AS Sheffield experienced a month’s worth of rain in a day, I was in the area of Nether Edge known as The Lakes. The streets all have names of famous Cumbrian landmarks, which is the origin of the name, but many residents were also out on the streets, worrying that once again, as in 2007, this area might live all too well up to its name with flooding.
Luckily, this time, it didn’t, quite. Cellars were inundated, but ground floors, from which some residents had removed their valuables, were not. A video I took that night of the River Sheaf shows the force and volume of the water flowing down. Not quite as bad as 12 years ago, the flood defences proved sufficient.
That was scant comfort, however, to the people of Doncaster who experienced severe flooding – many blame water being pushed to them from Sheffield’s defended areas, as a result of new defences constructed after 2007.
It was reminder that water, landing as it increasingly is in this climate emergency, in high volumes at great rates, has to go somewhere. If defences are built in one location, the water that would have rushed through, or settled there, has to go somewhere, and there’s a great risk of simply moving problems around.
Flooding is not a danger we can build our way out. We have to rethink our whole management of land, in the uplands around Sheffield and within the city itself. “Slow the flow” – with trees, with restoration of hedges, ponds and wetlands, with very different land management – has to be the way forward.
Last year Sheffield Green Party produced a report on the management of the uplands, and one of the issues that highlighted was how the management of land for driven grouse shooting in particularly was contributing to our flood risk (as well as to the climate emergency through reducing carbon stores). We cannot continue to allow such practices to endanger others.
But there’s a lot we can also do within Sheffield. We’ve seen in recent years increased concreting over of gardens for parking spaces – increasing the run-off of water that again has to end up somewhere. That’s associated with our congestion and air pollution problems, of course, but also with private landlords seeking to minimise maintenance costs, at the expense not only of flooding but also human wellbeing.
The UN’s Healthy Urban Microbiome Initiative (HUMI) highlights how important trees, shrubs and other plants are to our wellbeing. That was one of the reasons why residents were so passionately determined to defend their street trees against the depredations of Amey and Sheffield Council. The loss of so many trees before the unnecessary destruction was halted also has a flooding impact.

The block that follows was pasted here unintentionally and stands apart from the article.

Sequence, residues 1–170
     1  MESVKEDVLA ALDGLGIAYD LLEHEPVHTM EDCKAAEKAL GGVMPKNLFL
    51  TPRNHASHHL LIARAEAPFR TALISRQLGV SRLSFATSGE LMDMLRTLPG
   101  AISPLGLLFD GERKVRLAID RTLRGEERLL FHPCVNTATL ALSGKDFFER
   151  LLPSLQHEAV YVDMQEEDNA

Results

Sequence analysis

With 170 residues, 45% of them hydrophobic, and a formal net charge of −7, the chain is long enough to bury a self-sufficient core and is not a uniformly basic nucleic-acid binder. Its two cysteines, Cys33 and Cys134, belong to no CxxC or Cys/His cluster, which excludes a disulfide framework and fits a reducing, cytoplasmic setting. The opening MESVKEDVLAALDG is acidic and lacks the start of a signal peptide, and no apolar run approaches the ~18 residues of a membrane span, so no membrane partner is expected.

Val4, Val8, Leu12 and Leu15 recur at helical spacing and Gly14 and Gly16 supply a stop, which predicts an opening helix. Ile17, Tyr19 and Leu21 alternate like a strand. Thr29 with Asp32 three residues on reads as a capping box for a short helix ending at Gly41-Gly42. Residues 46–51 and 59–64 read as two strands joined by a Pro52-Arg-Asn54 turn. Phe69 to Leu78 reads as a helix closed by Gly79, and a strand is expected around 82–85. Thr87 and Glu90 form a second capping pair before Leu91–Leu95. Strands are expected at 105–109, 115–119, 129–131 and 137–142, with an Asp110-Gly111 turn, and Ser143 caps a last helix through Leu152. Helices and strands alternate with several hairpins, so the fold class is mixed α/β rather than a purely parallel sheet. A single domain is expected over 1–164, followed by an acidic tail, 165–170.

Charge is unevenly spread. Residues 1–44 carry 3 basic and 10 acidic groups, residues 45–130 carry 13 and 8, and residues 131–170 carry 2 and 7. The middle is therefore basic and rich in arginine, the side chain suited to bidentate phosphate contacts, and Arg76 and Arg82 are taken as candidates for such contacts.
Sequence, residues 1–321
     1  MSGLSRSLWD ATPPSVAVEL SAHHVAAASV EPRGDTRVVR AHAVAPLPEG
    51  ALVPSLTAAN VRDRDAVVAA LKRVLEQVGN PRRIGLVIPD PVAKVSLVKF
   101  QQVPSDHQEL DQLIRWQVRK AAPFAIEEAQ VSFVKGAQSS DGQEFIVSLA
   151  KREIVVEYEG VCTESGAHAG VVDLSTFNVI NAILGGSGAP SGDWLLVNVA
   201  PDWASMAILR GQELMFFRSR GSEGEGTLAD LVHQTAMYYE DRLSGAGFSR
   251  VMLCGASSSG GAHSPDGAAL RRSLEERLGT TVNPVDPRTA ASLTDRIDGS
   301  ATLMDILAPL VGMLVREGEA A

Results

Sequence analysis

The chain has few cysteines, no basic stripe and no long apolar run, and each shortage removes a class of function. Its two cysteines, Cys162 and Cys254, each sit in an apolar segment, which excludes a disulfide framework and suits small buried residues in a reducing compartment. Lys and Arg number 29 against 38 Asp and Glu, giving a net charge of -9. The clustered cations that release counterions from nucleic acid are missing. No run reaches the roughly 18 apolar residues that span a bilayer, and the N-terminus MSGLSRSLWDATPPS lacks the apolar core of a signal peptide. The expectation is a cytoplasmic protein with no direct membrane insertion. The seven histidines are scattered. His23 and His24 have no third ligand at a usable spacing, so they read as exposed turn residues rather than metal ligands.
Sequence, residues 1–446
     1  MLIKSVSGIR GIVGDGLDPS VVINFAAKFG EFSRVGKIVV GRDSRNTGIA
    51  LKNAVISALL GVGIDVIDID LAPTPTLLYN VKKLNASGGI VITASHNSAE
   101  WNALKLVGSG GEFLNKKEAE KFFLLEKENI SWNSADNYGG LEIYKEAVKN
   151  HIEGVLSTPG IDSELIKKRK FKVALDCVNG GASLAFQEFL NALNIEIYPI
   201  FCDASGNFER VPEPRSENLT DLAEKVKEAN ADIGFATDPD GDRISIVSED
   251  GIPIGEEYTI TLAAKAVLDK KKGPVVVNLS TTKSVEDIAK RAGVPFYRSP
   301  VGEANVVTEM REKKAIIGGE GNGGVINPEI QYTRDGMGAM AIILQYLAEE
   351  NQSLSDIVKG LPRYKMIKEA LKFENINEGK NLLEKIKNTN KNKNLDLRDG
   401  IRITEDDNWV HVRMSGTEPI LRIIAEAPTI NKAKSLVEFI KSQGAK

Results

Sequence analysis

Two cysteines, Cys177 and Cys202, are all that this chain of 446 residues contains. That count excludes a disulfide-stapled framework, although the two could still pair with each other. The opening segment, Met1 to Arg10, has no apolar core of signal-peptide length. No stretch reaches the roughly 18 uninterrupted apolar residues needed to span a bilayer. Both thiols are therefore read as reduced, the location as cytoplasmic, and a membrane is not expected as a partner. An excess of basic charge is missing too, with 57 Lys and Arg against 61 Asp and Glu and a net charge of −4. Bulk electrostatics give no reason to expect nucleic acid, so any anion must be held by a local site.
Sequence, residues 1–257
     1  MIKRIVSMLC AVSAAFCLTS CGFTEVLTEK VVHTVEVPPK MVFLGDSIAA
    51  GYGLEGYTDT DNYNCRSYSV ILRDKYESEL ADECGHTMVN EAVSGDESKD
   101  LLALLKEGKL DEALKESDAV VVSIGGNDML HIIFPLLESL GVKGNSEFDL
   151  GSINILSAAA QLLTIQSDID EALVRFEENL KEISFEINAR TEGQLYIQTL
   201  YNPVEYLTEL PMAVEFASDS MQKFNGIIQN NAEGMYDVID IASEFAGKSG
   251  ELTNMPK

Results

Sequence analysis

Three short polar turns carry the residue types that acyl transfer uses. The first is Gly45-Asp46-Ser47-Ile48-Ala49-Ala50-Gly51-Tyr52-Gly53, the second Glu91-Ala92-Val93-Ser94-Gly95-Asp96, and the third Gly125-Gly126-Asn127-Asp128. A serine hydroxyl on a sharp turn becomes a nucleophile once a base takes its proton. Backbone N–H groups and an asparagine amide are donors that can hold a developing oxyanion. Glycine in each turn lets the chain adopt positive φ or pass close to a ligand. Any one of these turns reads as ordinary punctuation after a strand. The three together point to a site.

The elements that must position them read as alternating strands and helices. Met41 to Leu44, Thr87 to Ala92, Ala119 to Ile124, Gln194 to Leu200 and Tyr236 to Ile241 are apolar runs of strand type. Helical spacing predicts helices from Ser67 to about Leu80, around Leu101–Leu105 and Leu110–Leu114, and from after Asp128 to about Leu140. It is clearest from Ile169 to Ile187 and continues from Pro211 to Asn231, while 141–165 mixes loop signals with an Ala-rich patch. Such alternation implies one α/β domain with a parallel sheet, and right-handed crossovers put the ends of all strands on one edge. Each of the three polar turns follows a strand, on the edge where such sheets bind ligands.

It’s a reminder, too, of how we need to safeguard the green spaces – parks and gardens – that are crucial for slowing the flow of rainwater into our streams and rivers, and a reminder of how we need to rethink our building practices.
On Western Road there’s a shining example of best practice – a newly-built private home with a green roof, that will again “slow the flow”, with rainwater butts that catch rain and use it as “grey water” to flush the loos. We should be building at the very least all new social housing – but ideally all new housing – to these standards of environmental management.
We need to tread far more lightly on this Earth. Our fragile planet is right at its environmental limits not just in terms of the climate emergency, but also in the damage done to our soils, the levels of plastics choking every environment, the destruction of biodiversity and bioabundance.
I was reminded by the levels of damage we’ve already done by conversations with my daughter in Australia. She’s in the middle of a major city, so I’m not – terribly – worried about the bushfires. but no one is unaffected: she’s suffering nosebleeds from the high level of air pollution from the fires.
Fires raging across the Southern Continent, floods ravaging South Yorkshire: the damage we’ve wrought, and the dangers to all of our futures if we don’t acknowledge the need to live within the planets limits, are truly biblical.
There are many issues being debated in the General Election, Brexit of course high among them. But this has to be the climate election – the election at which the state of the natural world on which we all depend is put at the heart of every debate. We’re running out of time. We must act now.
Alison Teal is a Green Party councillor and candidate for Sheffield Central in the general election.